Despite the mounting hype, the negative criticism, or the ridiculous expectations, I’m going to make one simple statement: M. Night’s The Village is still a success.
Now, to validate my statement I have to make some additional qualifiers. First, the cinematography is lacking compared to that of Signs, Unbreakable, and The Sixth Sense. Night’s camera work often feels whimsical and wandering, moving from one moment to the next without the heightened sense of pan and dolly seen in his previous work. Second, save three or four scenes, The Village is largely without Night’s perfected sense of terror. I don’t know if this is due to faulty timing or poor writing, but for all the terror that exists in Covington Woods, the viewer rarely feels that much is at risk. In Signs and The Sixth Sense, the constant threat of a larger fear manifesting propels the film. There is no such menace in The Village. Finally, as almost every critic has already stated, the film’s final gimmick goes too far, leaving the viewer with a sense of “hmmm” instead of “wow!”.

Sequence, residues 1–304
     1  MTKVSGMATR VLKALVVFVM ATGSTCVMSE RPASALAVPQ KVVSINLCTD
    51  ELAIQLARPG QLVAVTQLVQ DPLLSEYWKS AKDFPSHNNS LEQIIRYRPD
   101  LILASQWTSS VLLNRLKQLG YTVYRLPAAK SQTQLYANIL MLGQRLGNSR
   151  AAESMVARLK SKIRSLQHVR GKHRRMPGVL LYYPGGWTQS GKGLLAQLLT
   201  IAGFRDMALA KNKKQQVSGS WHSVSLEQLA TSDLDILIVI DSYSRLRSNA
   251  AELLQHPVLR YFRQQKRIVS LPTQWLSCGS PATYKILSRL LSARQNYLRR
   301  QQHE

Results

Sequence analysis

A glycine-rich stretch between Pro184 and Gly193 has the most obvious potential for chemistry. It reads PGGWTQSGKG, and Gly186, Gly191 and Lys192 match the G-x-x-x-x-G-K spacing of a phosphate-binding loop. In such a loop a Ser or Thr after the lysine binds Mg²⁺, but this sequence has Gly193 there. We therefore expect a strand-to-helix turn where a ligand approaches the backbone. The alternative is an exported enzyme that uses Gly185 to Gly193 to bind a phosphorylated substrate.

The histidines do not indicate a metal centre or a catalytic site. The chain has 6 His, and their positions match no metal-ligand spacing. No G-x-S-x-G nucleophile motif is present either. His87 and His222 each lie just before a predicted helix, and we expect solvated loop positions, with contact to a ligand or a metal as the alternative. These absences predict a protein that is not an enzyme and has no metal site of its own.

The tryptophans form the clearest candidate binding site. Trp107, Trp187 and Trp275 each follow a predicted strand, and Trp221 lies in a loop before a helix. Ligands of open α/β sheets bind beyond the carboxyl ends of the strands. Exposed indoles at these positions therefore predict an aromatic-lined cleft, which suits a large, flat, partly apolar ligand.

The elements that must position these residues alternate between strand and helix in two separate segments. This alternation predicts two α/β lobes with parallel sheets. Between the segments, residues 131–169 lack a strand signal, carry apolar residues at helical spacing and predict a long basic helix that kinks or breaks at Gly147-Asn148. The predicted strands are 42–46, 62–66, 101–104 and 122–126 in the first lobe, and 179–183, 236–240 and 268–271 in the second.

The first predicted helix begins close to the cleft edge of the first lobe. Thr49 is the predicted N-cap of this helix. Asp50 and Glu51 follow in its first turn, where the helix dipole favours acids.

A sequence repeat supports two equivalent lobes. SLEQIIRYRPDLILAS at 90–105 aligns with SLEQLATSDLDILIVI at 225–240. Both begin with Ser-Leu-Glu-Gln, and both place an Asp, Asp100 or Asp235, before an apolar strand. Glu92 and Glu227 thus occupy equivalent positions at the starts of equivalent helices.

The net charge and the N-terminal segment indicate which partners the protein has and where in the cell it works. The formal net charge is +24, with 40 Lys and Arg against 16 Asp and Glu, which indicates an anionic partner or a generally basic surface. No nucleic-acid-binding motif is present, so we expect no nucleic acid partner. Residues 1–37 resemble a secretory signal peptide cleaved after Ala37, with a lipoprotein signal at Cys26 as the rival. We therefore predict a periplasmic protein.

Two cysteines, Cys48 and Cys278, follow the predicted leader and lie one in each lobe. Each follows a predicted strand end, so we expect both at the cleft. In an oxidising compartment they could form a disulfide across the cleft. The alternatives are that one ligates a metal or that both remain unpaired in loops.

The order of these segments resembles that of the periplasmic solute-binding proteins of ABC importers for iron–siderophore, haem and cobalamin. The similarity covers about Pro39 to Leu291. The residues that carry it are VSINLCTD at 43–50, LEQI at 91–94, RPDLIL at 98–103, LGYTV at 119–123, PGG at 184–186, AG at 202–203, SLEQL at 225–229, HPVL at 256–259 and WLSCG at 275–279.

But beyond those issues, The Village is perfect. Night’s films have always been about the evolution of character, and inside Covington Woods we are able to watch a small community respond to both fear and loss. While Night’s characters are usually responding to outside or external forces, in The Village we are able to see several layers of internal, self-made friction. It’s the least scary of Night’s movies, and it’s probably the first major sign that his plot-lines are turning stale. It is still, however, a wonderful tale of boundaries and perseverence, a story of strength and passion that has much to say about who we are and what we fear.Powered by Sidelines